Are Men Permitted to Flirt? Should They Be Encouraged?

Are Men Permitted to Flirt? Should They Be Encouraged? December 30, 2014
Image copyright Antonio Diaz, courtesy of Shutterstock
Image copyright Antonio Diaz, courtesy of Shutterstock

On her Facebook page, Elizabeth Stoker (whose blog can be found here) posted a question which — in an era where men are routinely depicted by Madison Avenue as either slovenly slackers or pathetically stupid-and-neutered — is well-worth asking:

When a guy flirts with me out in the wild i always turn them down because i am married, but i have also for sometime offered like a brief performance review, example:

[me at starbucks]: a gingerbread latte please
[dude behind me in line]: i’ll pay for that if you’ll drink it with me.
[me]: aww i can’t accept that, i’m married, but that’s really charming.

i do it because i feel bad the impetus is often on the fellows to make the first move and if they get rejected without knowing why, they might turn into pickup artist types or whatever, and i’d like to reinforce good behavior for the sake of the other women they flirt with, and for their self-esteem. THOUGHTS? is this bad? weird?

What do you think? I responded that I thought Elizabeth’s reaction was a kind one, and I believe that men need to be shown some kindness, these days. My poor younger son, raised to be a gentleman, always holds the door open for people — male or female — as he leaves a shop. Men say thanks. Older women say thank you. Several times, though, younger women have cursed at him (and in one case literally screamed at him, and made a scene) because his small, genial gesture was taken as a “microaggression” against her strong womanhood.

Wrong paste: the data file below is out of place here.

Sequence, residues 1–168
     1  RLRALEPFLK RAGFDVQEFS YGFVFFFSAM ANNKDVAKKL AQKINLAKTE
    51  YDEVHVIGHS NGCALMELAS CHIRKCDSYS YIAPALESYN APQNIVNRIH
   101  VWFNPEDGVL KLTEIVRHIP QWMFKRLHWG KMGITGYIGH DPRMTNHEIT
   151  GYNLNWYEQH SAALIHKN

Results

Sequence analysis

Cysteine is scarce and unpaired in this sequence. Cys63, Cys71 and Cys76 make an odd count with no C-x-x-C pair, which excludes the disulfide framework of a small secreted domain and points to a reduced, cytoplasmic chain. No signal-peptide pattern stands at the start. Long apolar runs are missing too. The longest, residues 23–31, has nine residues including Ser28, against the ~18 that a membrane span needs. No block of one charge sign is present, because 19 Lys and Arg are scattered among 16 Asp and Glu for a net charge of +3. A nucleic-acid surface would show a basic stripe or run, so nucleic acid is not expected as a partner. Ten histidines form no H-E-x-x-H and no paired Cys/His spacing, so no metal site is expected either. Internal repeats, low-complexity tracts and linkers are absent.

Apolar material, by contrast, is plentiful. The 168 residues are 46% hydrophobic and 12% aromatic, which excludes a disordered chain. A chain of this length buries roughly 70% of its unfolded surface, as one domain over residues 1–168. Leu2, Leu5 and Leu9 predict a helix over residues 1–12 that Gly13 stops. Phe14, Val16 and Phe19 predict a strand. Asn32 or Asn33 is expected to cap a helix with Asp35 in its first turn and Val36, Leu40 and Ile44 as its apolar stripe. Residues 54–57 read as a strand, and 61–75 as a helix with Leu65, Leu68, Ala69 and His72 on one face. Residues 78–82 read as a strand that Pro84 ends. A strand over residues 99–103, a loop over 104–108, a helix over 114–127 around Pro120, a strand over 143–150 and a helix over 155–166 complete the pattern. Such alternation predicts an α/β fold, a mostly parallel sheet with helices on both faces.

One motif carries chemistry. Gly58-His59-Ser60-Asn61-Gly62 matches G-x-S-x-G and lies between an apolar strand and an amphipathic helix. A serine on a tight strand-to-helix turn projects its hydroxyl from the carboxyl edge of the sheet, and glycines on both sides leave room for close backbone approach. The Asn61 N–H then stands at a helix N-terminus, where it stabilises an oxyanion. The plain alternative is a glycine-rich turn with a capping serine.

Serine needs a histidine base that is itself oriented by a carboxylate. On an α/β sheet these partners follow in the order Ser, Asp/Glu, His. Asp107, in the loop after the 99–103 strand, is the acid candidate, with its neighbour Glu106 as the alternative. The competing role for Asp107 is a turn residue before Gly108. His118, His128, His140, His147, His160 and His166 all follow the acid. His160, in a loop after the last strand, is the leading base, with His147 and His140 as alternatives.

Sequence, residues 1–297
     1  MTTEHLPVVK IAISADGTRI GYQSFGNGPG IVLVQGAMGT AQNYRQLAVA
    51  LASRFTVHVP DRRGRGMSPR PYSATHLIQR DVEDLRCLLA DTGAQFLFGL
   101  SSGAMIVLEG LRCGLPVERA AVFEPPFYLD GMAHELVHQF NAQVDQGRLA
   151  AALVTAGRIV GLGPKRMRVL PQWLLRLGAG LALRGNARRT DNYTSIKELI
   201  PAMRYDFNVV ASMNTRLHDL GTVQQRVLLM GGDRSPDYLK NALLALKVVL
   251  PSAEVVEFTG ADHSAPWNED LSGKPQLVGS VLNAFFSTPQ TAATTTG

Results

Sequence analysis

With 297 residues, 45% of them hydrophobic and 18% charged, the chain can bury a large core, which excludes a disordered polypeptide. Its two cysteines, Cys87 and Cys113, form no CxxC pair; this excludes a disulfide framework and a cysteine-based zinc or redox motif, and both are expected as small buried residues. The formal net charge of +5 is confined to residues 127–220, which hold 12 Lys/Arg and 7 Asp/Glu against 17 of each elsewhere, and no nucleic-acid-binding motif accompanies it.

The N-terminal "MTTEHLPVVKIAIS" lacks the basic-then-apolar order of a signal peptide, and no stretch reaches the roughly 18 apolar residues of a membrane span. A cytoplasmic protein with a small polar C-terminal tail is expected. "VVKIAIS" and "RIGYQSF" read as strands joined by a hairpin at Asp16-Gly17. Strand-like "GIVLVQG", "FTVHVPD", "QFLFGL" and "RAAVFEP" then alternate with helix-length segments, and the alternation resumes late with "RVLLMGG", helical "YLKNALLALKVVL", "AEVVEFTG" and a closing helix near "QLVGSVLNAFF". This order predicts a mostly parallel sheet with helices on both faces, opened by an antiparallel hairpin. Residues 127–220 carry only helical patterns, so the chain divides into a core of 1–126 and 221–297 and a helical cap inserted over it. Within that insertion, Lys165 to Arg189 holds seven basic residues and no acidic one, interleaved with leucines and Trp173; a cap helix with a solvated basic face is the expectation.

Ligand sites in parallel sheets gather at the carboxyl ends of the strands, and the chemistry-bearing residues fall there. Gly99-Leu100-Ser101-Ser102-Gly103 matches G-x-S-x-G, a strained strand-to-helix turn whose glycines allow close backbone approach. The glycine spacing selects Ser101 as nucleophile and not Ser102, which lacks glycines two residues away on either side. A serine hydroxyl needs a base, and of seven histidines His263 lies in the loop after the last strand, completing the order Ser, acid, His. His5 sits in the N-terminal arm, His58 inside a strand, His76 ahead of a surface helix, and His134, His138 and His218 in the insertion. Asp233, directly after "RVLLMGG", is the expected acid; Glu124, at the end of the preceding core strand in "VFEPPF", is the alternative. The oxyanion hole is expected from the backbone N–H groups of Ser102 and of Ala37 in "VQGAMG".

Because strong women fall to pieces at a genderless social nicety, or something.

So, yeah, I think a guy who has been charming and inoffensive should be told so. In a world where the common courtesy of holding a door open for the next person is cause for high public drama and recrimination, men could use some help in gauging the parameters, and also a little encouragement that they are worthy of a kind response, and to be seen as something more than a bag of chromosomes.

You know, just like women.


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